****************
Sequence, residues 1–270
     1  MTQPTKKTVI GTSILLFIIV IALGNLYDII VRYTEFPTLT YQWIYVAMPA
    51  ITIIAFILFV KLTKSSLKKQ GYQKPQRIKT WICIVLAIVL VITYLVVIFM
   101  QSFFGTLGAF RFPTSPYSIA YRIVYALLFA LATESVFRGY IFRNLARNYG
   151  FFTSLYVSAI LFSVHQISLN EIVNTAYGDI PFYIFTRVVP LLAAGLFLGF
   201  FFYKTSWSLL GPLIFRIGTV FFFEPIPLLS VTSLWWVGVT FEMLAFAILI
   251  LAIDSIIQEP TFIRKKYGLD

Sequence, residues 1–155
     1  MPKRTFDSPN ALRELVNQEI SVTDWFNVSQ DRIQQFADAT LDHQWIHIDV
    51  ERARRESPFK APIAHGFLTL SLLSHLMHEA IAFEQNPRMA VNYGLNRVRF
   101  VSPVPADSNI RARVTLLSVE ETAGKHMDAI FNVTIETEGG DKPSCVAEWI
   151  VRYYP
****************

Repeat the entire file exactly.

Sequence, residues 1–270
     1  MTQPTKKTVI GTSILLFIIV IALGNLYDII VRYTEFPTLT YQWIYVAMPA
    51  ITIIAFILFV KLTKSSLKKQ GYQKPQRIKT WICIVLAIVL VITYLVVIFM
   101  QSFFGTLGAF RFPTSPYSIA YRIVYALLFA LATESVFRGY IFRNLARNYG
   151  FFTSLYVSAI LFSVHQISLN EIVNTAYGDI PFYIFTRVVP LLAAGLFLGF
   201  FFYKTSWSLL GPLIFRIGTV FFFEPIPLLS VTSLWWVGVT FEMLAFAILI
   251  LAIDSIIQEP TFIRKKYGLD

Sequence, residues 1–155
     1  MPKRTFDSPN ALRELVNQEI SVTDWFNVSQ DRIQQFADAT LDHQWIHIDV
    51  ERARRESPFK APIAHGFLTL SLLSHLMHEA IAFEQNPRMA VNYGLNRVRF
   101  VSPVPADSNI RARVTLLSVE ETAGKHMDAI FNVTIETEGG DKPSCVAEWI
   151  VRYYP